Saturday's NCAA Basketball Schedule: Which Top 10 Team Will Be Tested the Most?

Erik SchultzCorrespondent IDecember 7, 2012

Dec. 5, 2012; Pullman, WA, USA; Gonzaga Bulldogs forward Kelly Olynyk (13) fights for position with Washington State Cougars guard Royce Woolridge (22) during the second half at the Beasley Performing Arts Coliseum. The Bulldogs would go not beat the Cougars by a final score of 71-69. Mandatory Credit: James Snook-USA TODAY Sports
James Snook-USA TODAY Sports

As colleges approach finals week, a few of the nation’s top teams will first have to deal with their own tests on the hardwood.

Passing those tests could help clarify which teams should be considered among this season’s elite in college basketball.

Three teams—Arizona, Kansas and Gonzaga—occupying the final three spots of the Top 10, respectively, will put their rankings on the line on Saturday. 

Don’t be fooled by the fact that only one is playing a ranked team—all three should be very much on alert heading into their matchups.


No. 8 Arizona vs. Clemson:  Can the Cats win a grinder on the road?

Unlike its Pac-12 counterpart UCLA, Arizona hasn't had too much trouble living up to high expectations thus far. 

The Wildcats are 6-0, winning their games by an average of almost 22 points per game. That includes a 28-point blowout win at Texas Tech last Saturday, which is Arizona’s only game away from home to date.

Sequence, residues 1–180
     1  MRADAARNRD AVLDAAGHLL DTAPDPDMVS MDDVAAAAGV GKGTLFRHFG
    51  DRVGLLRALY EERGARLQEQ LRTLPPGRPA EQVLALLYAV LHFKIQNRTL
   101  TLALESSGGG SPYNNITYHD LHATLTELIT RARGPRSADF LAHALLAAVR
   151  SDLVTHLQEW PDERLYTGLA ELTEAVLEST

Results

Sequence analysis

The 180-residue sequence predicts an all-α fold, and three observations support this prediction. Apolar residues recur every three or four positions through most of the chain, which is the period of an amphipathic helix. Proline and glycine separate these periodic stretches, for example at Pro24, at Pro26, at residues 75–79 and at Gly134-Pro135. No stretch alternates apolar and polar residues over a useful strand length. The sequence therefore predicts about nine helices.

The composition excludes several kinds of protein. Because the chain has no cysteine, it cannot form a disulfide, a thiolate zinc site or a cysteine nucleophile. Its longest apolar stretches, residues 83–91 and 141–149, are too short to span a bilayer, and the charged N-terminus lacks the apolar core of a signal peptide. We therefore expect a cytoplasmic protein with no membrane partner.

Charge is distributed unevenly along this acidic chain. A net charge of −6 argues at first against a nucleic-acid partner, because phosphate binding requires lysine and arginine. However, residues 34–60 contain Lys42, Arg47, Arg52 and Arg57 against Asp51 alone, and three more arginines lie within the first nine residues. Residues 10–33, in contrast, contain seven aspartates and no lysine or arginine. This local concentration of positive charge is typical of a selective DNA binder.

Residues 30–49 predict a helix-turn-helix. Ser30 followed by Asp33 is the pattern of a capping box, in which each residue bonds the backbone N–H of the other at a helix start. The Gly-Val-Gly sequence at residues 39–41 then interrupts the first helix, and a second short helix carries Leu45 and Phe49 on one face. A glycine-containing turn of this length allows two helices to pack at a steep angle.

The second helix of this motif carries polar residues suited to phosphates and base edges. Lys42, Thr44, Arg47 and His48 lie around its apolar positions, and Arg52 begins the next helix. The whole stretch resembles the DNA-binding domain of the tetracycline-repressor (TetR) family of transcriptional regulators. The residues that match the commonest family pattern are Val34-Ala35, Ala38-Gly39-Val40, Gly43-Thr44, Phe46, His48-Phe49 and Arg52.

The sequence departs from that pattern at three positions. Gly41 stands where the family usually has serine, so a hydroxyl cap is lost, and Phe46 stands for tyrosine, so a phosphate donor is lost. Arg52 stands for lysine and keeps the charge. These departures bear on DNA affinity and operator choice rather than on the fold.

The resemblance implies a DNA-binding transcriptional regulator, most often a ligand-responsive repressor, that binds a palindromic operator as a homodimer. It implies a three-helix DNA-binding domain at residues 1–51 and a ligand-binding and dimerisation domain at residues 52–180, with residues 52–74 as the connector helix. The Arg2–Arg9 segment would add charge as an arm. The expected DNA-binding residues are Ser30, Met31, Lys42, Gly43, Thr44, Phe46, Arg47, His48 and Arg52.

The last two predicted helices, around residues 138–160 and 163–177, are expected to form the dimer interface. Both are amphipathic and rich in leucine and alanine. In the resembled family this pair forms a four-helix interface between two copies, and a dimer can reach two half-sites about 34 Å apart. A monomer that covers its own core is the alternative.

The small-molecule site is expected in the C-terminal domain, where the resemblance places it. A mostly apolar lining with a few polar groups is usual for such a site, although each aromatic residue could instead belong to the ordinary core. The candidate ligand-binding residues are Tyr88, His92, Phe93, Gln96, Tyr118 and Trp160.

While Arizona had no problem clearing that first mini-hurdle of winning on the road, it did have a bit of a tougher time than expected this week against Southern Miss. 

The Golden Eagles frustrated Arizona with their zone defense, and jumped out to an eight-point halftime lead. 

Nick Johnson and Kevin Parrom helped to avoid a potential upset, combining to score 23 of the team’s 36 second-half points. 

Despite the stiff challenge from Southern Miss, Arizona heads back on the road with its undefeated mark intact. Now, the Wildcats will head to Clemson, where another defensive test likely awaits.

Clemson comes into this game allowing an average of just 53.7 points a game. 

It has given up less than 60 points in all but one game—a loss to Purdue. The Tigers held high-flying Gonzaga (ranked ninth in the nation in scoring average) to just 57 points in an eight-point loss to the Bulldogs.

Having already come close against a Top 10 team, can Clemson get over the hump this time while playing on its home court? 

It’s possible, but someone will have to take over for the Tigers on offense. For a team without a dominant scoring threat, who might that be?

It could very well be K.J. McDaniels, who has become Clemson’s most dynamic player. 

McDaniels scored 15 points against Purdue and 16 in a win over South Carolina.

If he can stay out of foul trouble, which plagued him in the Gonzaga loss, McDaniels may just help lead Clemson to a signature program win at Littlejohn Coliseum.


Colorado vs. No. 9 Kansas:  Can the Jayhawks handle a former Big 12 pushover?

After a one-year hiatus, Kansas will renew its pseudo rivalry with its neighbors to the west—Colorado. 

The word “pseudo” is used there because of the fact that Kansas has totally dominated the rivalry over the past decade. 

The last time the Buffaloes won in this series was January 2003.

However, these aren’t exactly your older brother’s Buffs. This year’s team—which already beat Baylor, another potential top-tier Big 12 team—is very capable of knocking off Kansas.